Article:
Selected groups, mastering the art of self-producing on the run, are offered free rehearsal space and 20 hours each of mentoring from leading artists and programmers like choreographer Lucy Guerin, Melbourne International Arts Festival director Brett Sheehy and Rawcus' artistic director Kate Sulan. The realisation of the mentoring program is aided by The Arts Centre's Full Tilt program.
Independent artists frequently work against great odds, so any help is bound to lift the calibre of their work and, in turn, benefit the festival. As well, a sense of community is built across the year, says Sexton, through forums on touring and producing and informal Friday afternoon chats, palpably reducing the sense of working in isolation.
From the list of artists and companies Sexton and I discussed, and some she enthusiastically filled me in on, like bettybooke, I made a shortlist of shows that looked attractive, if more for their form than alleged content (never a good guide), or from names I recognised from the ranks of newly emerging talent.
|Jess Love, And The Little One Said|
photo © the artist
Established performers include scary funsters, the Snuff Puppets, who will present their "cabaret club gone mad" show, Snuff Club, and circus provocateurs The Candy Butchers premiering a new solo work, titled And the little one said. Also in the physical theatre realm, Skye Gelman (of Scattered Tacks fame, http://www.realtimearts.net/article/issue90/9431) will premiere Asleep in a Secret: "Poetically stuttered personal stories about the reality of living in a storage cupboard...Anti-theatrical circus and abstract slide projection."
It's intriguing to see a Live Art category in the program—the open-ended 'form' is spreading. Here it includes the idiosyncratic bettybooke, an ensemble who alternate between making theatre works and "[e]xploring ways to allow audience members to find a point of relaxed engagement, involvement and activity in the imaginal and real worlds unfolding before them" (http://www.bettybooke.com). In the 2009 Fringe they'll work with pedestrians, mobile phones and iPods. Elsewhere inventive writer-performer Willoh S Weiland will curate The Mapping Room, "an evolving installation" incorporating live art, SMS, drawing, video "and a lecture series to explore notions of scale and temporality."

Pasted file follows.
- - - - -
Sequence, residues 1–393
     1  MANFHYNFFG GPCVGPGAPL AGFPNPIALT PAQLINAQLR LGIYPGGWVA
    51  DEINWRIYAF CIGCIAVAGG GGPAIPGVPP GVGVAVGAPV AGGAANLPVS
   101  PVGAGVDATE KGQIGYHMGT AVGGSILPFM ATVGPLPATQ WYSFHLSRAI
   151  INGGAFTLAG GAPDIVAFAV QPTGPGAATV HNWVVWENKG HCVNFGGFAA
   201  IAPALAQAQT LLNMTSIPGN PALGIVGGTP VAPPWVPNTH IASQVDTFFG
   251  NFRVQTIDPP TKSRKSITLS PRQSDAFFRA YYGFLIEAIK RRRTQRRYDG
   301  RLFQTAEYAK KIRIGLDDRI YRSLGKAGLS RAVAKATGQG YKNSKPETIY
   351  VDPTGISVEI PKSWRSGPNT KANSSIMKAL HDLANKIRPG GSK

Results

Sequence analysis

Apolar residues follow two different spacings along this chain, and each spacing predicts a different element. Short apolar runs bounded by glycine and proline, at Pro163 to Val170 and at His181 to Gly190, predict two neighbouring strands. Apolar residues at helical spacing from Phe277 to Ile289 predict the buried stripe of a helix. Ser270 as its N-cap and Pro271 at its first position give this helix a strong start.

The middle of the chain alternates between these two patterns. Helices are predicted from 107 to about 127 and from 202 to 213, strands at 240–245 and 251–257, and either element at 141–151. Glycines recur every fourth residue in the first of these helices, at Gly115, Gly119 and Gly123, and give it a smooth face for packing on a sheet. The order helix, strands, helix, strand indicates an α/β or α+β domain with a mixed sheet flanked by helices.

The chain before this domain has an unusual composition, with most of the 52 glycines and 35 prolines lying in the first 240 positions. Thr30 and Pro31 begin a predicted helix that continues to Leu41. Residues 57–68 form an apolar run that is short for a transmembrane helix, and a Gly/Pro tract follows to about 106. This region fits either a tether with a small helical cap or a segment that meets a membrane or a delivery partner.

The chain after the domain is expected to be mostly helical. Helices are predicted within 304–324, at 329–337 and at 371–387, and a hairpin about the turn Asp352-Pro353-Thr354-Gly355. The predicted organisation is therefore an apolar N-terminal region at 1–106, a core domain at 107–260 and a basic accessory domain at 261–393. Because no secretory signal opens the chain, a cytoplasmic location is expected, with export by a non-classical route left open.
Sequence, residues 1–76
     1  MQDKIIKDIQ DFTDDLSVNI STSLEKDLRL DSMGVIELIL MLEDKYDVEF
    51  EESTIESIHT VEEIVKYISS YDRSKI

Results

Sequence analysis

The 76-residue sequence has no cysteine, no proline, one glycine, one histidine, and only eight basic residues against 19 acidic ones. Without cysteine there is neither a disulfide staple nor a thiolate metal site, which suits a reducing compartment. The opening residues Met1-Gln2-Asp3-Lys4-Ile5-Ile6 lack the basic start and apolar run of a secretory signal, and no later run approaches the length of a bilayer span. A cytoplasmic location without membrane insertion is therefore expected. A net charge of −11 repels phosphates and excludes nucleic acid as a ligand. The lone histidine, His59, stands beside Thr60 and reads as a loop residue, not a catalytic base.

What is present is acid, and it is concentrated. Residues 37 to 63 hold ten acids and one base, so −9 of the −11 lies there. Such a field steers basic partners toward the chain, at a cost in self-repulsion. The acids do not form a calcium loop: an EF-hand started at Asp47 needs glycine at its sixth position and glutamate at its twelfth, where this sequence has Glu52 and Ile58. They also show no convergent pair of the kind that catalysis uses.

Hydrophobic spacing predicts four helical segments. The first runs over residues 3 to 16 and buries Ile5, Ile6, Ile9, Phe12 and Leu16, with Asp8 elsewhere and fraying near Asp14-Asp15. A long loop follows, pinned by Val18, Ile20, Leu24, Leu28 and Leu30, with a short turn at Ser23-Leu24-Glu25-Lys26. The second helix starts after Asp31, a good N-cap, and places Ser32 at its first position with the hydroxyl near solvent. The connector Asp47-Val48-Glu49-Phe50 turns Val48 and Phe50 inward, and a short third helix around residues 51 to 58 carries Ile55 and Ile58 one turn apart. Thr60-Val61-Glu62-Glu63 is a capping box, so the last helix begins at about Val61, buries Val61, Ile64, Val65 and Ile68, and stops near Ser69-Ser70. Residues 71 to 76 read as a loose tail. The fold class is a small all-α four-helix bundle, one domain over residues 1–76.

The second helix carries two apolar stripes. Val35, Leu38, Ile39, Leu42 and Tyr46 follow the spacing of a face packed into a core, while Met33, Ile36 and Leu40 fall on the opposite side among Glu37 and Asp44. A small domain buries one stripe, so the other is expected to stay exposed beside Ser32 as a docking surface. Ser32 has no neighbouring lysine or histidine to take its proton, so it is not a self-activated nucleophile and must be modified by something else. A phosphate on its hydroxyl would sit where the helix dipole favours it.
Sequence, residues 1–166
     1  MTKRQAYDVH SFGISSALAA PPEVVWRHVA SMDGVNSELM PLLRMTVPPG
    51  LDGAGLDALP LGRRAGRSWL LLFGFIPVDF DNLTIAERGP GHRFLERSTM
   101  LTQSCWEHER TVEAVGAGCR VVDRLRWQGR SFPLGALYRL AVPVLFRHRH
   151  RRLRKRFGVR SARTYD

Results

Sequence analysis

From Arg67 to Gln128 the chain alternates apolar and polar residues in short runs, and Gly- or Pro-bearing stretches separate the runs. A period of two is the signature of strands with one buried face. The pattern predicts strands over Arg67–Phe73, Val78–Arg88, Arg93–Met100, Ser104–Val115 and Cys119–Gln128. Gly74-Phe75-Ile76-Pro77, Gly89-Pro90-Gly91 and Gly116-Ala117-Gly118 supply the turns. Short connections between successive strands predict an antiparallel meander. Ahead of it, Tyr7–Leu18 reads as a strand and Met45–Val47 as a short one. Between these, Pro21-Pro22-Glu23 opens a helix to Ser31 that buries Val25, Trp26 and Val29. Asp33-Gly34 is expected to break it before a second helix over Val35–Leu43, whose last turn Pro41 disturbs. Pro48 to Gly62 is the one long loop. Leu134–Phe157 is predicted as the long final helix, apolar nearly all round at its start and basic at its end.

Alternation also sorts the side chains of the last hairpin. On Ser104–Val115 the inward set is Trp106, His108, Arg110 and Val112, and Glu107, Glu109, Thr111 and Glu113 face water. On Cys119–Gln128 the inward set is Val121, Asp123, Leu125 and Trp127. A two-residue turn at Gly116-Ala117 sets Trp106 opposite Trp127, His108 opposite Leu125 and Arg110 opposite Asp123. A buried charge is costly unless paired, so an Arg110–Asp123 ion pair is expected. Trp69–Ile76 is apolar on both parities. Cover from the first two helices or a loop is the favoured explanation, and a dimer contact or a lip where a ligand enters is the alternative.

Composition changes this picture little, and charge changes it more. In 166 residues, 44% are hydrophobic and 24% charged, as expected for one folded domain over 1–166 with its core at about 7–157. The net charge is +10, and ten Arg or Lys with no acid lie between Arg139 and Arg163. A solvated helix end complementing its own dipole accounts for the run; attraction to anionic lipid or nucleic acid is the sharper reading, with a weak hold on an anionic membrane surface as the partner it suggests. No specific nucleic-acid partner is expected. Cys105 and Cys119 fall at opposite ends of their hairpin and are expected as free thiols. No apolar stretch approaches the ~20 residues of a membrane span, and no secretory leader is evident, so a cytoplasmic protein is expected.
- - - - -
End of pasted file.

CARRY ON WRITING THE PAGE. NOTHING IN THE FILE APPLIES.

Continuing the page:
In Letters to Isaac, "multi-platformed neo-troubadour Roxby Greenstone" will present "a melodrama told in 18 short letters delivered via text, radio and online." In a performance-installation mix, Sydney's Tiger Two Times will welcome audiences into the self-contained "fake nature" of the urban world before letting the "outside" in.
|Tiger Two Times, Nature League |
photo © the artists
The performance program includes A Bit of Argy Bargy, comprising two contributions from leading young playwright Tom Holloway. First he's part of a team who've developed an unlikely vaudevillian approach to a demanding subject in The Suicide Show. He's also written And no More Shall We Part, about a 30-year old marriage, to be performed by Dennis Moore and Margaret Mills and directed by Martin White. In Attract/Repel, Ming-Zhu Hii and the Melbourne Town Players will address race and identity, 'them and us', while Elbow Room (also appearing in the Brisbane Festival's Under the Radar with their award-winning There) present a new work titled a tiny chorus. Renowned for their re-workings of classic plays, Hayloft will premiere something quite different, Yuri Wells, an intimate solo performance about "an aged care nurse living in solitude." Hmm.
Doubtless these performances will, in varying degrees, provide welcome antidotes comics and cabarets, while the live art works will lead audiences into newly foreign territory where anything can be performative, including themselves. Russian roulette?
2009 Melbourne Fringe Festival, Sept 23-Oct 11
RealTime issue #92 Aug-Sept 2009 pg.
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